by Dave Weigel

Ta-Nahesi Coates pushes back on my "NAACP tea party resolution backfires" theory:

To the extent that the NAACP has, as Dave says, "failed," it is because the arbiters of facts have ceded ground, and reporters and writers dutifully, and uncritically, dispense the notion that an organization which helped birth modern America has "a long history of...racism." But it also fails because there is very little pushback on this notion from "sensible" liberal writers. (I don't include Dave among them, mind you.) Instead we're getting calls for the president to condemn the NAACP, essentially, for being the NAACP. 

Dave concedes that the NAACP has a case, but concludes that they're wrong for making it. But they're only wrong for making it because the broader society, evidently, believes that objecting to a call for literacy tests is, in fact, just as racist as a call for literacy tests. This inversion, this crime against sound logic, is at the heart of American white supremacy, and at the heart of a country that has nurtured white supremacy all these sad glorious years.

You know, I don't disagree with this. Coates and I are writing from different places. I don't think the way that the NAACP's resolution was covered was good at all. I don't think any racial issues are covered well, least of all "debates" like this where the press creates a point-counterpoint between Ben Jealous on one end and Mark Williams on the other. It was with that assumption that I said this would "backfire."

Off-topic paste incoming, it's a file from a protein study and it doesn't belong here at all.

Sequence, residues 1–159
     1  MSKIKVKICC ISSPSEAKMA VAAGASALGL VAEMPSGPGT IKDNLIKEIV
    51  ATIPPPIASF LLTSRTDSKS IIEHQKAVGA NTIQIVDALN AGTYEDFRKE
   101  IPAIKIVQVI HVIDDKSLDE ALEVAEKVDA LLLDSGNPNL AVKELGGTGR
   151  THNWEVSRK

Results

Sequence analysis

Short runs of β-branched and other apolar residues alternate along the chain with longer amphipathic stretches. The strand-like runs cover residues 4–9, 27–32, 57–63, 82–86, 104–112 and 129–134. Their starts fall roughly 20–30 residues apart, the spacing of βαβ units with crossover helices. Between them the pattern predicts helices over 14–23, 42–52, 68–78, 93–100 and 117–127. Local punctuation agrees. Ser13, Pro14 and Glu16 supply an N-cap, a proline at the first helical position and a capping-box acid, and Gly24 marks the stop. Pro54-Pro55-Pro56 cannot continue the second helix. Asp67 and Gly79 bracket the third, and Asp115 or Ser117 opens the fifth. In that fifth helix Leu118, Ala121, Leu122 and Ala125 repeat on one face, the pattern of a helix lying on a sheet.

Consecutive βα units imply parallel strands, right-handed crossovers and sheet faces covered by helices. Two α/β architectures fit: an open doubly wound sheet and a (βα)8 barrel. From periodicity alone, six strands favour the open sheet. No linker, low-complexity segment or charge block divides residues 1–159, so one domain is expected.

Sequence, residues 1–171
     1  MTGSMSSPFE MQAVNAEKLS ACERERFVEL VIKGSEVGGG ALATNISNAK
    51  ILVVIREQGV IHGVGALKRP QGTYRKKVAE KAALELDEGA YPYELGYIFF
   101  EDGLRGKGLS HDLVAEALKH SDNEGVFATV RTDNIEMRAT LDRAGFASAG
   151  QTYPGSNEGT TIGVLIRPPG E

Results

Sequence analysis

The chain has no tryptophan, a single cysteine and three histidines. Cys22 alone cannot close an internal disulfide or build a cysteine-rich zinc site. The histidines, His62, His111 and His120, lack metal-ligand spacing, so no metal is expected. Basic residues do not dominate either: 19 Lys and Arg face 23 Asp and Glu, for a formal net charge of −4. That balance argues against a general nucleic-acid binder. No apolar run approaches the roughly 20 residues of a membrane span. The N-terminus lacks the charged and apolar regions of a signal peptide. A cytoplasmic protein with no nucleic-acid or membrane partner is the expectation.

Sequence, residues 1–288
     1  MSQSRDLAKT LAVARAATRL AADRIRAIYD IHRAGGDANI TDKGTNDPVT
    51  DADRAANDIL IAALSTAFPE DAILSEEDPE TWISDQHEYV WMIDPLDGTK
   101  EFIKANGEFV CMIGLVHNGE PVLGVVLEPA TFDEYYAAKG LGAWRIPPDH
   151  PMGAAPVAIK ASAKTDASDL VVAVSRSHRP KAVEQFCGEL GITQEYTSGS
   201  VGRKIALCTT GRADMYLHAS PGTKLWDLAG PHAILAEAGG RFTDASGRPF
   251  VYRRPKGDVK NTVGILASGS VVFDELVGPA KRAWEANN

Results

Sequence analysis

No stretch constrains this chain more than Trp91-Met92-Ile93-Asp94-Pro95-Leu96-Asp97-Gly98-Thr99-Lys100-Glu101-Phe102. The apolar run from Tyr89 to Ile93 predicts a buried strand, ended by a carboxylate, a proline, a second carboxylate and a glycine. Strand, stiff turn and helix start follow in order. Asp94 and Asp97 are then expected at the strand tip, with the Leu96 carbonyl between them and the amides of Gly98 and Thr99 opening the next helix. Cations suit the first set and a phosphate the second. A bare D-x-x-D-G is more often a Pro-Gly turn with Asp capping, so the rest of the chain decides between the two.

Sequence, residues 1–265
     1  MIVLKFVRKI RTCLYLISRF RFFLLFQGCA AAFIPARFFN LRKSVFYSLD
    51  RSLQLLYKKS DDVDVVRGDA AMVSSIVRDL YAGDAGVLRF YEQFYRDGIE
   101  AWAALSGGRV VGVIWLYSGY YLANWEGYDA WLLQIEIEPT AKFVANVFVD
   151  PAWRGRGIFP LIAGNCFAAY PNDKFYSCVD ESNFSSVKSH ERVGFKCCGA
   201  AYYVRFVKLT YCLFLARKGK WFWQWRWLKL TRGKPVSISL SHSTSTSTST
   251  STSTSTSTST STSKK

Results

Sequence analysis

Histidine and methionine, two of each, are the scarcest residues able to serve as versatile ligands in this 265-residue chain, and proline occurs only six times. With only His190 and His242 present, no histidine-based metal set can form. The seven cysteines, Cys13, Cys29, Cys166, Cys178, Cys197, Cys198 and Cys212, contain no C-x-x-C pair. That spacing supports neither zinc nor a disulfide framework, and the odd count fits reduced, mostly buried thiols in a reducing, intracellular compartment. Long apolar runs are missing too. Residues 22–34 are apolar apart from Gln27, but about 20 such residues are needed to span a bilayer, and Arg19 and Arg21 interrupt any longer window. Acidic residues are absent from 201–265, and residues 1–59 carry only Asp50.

In the long run, will it backfire? I don't know. Conservatives who disagree with the NAACP have no tolerance whatsoever for being called racists or supporters of racism. Past NAACP attempts to shift the debate by using tough rhetoric -- I am thinking of Julian Bond calling some conservatives the "American Taliban" -- are remembered today not as things that shifted the debate, but things that torqued off conservatives and justified their suspicions about the NAACP. This doesn't seem fair to them. How is it fair that bringing up the 2000 election's result reveals them as bitter conspiracy theorists, while Tim Pawlenty intimating that Sen. Al Franken may have been elected by felons is just proof that he's a smart pol looking at 2012? It's not fair. I guess I'm more a defeatist than Coates is.

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